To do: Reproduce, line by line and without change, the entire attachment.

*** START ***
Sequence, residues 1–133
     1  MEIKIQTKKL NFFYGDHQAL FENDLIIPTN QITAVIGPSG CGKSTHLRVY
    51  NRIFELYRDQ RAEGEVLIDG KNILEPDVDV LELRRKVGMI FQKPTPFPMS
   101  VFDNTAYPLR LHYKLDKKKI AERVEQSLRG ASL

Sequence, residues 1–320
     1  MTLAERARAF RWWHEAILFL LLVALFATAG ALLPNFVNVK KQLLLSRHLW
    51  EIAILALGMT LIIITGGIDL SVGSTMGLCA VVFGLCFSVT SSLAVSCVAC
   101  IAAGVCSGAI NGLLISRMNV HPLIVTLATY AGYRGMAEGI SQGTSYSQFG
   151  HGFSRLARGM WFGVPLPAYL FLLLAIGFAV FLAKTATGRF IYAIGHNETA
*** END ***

Sequence, residues 1–133
     1  MEIKIQTKKL NFFYGDHQAL FENDLIIPTN QITAVIGPSG CGKSTHLRVY
    51  NRIFELYRDQ RAEGEVLIDG KNILEPDVDV LELRRKVGMI FQKPTPFPMS
   101  VFDNTAYPLR LHYKLDKKKI AERVEQSLRG ASL

Sequence, residues 1–320
     1  MTLAERARAF RWWHEAILFL LLVALFATAG ALLPNFVNVK KQLLLSRHLW
    51  EIAILALGMT LIIITGGIDL SVGSTMGLCA VVFGLCFSVT SSLAVSCVAC
   101  IAAGVCSGAI NGLLISRMNV HPLIVTLATY AGYRGMAEGI SQGTSYSQFG
   151  HGFSRLARGM WFGVPLPAYL FLLLAIGFAV FLAKTATGRF IYAIGHNETA